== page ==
The other option was to offer private shares in their venture, a course that avoids the need for public disclosure and reporting requirements, but since regulations were passed in 1933, has limited issuers to one-on-one sales to people with whom they have established relationships.
Some 16,000 U.S. companies took that route in 2012 with offerings averaging $1 million, Roper said.
The Jumpstart Our Business Startups Act of 2011 changed that by allowing offerers to publicize their investment opportunities. But it took two years for the SEC to write regulations making the change.
As of Sept. 23, the SEC has allowed companies to publicly advertise unregulated private investment opportunities, including real estate ventures such as the Neuweiler Brewery. But there are limits. They can only accept money from "accredited investors."
That means selling to established investors such as trusts or private equity funds, or individuals with demonstrated financial wherewithal -- at least $1 million in assets or annual income of more than $200,000.
That means efforts like Ruckus' aren't true crowd funding.
But that's coming. The SEC is expected to propose crowd-funding regulations by the end of the year that would eventually open private-equity investment to general public.
The JOBS Act limits companies to raising $1 million a year through crowd funding, and restricts what the average "non-accredited" investor can put into any one startup based on their annual income. Web portals offering such investments would be licensed.
Details of how all that will be implemented will depend on final regulations, which are months away.
Despite the current limitation to "accredited investors," the change opens up a whole new universe of potential funding.
The cousin Vinny method
Without the ability to advertise them, developers or entrepreneurs seeking investors in their development schemes or product ideas were forced to rely on relatives and friends as a bankroll. ForeFund founder Todd DiPaolo calls it the "cousin Vinny" method.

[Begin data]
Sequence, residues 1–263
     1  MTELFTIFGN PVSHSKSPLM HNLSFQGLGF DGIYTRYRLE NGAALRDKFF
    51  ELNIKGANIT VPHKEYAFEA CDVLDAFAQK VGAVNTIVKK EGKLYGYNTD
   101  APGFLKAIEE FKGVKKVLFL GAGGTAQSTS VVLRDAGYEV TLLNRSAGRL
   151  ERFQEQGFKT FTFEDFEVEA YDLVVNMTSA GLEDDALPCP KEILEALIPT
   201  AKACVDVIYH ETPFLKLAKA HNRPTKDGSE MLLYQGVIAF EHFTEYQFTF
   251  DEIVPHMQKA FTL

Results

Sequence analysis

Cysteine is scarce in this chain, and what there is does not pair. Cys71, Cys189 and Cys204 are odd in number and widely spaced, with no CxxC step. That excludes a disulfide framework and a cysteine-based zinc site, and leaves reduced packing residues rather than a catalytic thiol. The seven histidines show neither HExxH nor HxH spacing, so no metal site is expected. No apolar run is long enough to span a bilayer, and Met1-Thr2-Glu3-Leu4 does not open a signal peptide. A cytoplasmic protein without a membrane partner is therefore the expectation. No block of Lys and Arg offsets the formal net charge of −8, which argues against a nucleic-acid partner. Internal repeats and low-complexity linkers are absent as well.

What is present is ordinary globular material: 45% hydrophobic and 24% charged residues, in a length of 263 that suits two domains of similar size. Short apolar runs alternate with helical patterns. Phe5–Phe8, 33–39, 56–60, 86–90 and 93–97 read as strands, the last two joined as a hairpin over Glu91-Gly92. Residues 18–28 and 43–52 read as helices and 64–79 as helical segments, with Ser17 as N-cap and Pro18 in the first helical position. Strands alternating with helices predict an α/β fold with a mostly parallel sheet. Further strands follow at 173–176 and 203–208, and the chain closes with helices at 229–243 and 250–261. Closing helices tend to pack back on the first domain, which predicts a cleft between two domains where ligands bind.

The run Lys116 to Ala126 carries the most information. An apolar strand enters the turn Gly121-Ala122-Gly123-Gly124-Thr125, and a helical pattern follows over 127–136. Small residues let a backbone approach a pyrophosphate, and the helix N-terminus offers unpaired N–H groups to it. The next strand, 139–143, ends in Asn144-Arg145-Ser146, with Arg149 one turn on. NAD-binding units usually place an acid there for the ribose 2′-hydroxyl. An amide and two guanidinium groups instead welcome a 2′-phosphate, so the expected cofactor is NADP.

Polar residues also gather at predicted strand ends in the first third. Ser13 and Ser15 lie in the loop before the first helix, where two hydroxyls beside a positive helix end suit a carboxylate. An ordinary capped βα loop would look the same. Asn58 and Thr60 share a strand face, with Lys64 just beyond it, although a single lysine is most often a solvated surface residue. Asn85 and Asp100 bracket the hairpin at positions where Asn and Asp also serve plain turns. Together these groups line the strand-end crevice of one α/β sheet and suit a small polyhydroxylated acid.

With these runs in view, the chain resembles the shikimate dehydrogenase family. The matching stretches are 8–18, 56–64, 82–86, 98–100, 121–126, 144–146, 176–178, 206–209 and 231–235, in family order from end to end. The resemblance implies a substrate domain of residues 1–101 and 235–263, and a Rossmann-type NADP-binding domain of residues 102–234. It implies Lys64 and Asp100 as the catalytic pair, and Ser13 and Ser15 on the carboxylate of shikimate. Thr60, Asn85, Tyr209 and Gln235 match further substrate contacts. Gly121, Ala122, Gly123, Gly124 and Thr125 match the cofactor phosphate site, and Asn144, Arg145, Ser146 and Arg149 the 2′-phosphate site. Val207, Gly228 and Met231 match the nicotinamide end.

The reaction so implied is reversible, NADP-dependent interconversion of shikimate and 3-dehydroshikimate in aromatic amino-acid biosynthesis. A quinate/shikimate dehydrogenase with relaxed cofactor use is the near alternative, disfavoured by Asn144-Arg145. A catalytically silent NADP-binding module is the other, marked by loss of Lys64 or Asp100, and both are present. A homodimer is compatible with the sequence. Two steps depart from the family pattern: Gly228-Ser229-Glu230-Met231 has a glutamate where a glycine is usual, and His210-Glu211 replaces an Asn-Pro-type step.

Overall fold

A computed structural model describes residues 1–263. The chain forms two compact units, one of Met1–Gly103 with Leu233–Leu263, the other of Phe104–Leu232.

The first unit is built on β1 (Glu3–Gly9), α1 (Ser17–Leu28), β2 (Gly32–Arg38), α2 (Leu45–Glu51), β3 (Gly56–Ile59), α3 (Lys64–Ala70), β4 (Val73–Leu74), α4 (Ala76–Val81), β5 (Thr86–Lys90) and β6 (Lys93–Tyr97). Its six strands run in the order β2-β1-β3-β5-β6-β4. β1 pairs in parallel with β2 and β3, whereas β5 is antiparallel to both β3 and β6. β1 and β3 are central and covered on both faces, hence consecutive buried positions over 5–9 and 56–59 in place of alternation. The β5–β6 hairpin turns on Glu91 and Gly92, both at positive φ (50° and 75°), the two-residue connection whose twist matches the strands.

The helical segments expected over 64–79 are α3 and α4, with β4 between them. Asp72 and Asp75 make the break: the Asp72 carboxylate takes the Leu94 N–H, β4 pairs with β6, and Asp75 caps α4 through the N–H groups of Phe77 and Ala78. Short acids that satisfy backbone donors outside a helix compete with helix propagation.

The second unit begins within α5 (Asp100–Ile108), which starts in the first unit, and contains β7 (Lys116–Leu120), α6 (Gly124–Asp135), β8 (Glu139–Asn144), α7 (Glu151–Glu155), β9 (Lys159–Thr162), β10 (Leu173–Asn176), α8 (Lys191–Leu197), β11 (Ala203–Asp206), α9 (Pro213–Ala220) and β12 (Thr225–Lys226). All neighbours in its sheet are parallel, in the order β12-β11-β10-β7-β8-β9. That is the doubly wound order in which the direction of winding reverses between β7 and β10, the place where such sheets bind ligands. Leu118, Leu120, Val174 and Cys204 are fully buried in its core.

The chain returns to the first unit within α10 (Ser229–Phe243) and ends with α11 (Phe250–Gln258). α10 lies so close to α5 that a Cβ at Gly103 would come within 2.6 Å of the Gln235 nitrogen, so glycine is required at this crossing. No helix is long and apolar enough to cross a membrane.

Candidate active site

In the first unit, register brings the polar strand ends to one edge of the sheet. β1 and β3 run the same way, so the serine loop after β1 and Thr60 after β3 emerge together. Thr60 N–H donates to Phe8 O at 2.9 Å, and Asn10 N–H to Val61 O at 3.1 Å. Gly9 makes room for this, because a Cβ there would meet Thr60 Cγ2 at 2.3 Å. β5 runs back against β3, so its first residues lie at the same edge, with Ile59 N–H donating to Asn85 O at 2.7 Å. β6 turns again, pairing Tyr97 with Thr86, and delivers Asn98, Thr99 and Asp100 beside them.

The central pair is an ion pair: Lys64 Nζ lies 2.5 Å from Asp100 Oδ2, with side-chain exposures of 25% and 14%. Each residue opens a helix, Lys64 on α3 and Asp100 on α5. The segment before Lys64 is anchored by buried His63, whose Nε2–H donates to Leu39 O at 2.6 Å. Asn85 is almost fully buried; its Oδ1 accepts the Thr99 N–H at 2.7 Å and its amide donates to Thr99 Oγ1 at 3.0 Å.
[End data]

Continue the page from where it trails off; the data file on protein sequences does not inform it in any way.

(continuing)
"You had to set up a meeting with someone, a closed network of angel investors," DiPaolo said. "Your limits weren't how good your ideas were, they were who you knew."
DiPaolo, who founded two previous Internet marketing companies, plans to connect developers like Ruckus, who lack the deep Rolodex of investors that are a product of a career in construction, with real estate investors who are looking for quality investments.
"We are taking a system that has been flawed for a long time and been in the shadows and had gag orders against it and bringing it into the light," he said. "You get more value and meritocracy as to the way the capital is allocated."
There is an existing community of well-funded financiers known as angel investors who specialize in funding risky, startup ventures , but it's a bit of a closed loop, DiPaolo said..
Not everyone is convinced these initial changes will do much to expand the pool of potential investors. While public promotion of investments may "smooth the road a bit," angel investor Jamie Lynchbaugh said the kind of investor who is looking to put money in an alternate investment vehicle like a startup company has plenty of existing avenues available to do so.
"At the end of the day, if someone is serious about doing angel-like investing, they can find some way to do it, whether it's through somebody, or investing in a fund or joining a group like the Lehigh Valley Angel Investors," he said.
Lynchbaugh is more concerned about the SEC's plan to open such investments in the future to the general public, exposing them to "hucksters" without the kind of protections and disclosure requirements placed on standard investment vehicles.
That's also Roper's concern.
"Venture capitalists, angel investors who do this for a living and have extraordinary access to the books and the records and have experience in evaluating startup companies, they expect to lose money on most of their investments," Roper said.
The average investor, even one who is considered "accredited" with an income of more than $200,000, won't have access to that kind of detailed information about most of these private securities and probably isn't looking at it that way, she said.
Small businesses and startup companies have high rates of failure, making them a risky investment, she said.
The safeguards prohibiting the public advertising of private investment vehicles were put in place for good reason in 1933, right after the stock market crash when millions of Americans lost everything and the economy fell into the Great Depression, Roper said.
When the regulations are loosened, it's likely the public will be presented with a multitude of new, largely unregulated investment vehicles, she said. Anyone considering an investment in a privately offered security should look at it as a casino wager, not a retirement investment plan.
"I really like the crowd-funding guys. They are creative, they are optimists," she said. "I think there will be some great things done as a result of crowd funding, projects that [otherwise] would not be able to be funded, but I think that is going to be the exception, not the rule. People need to know that."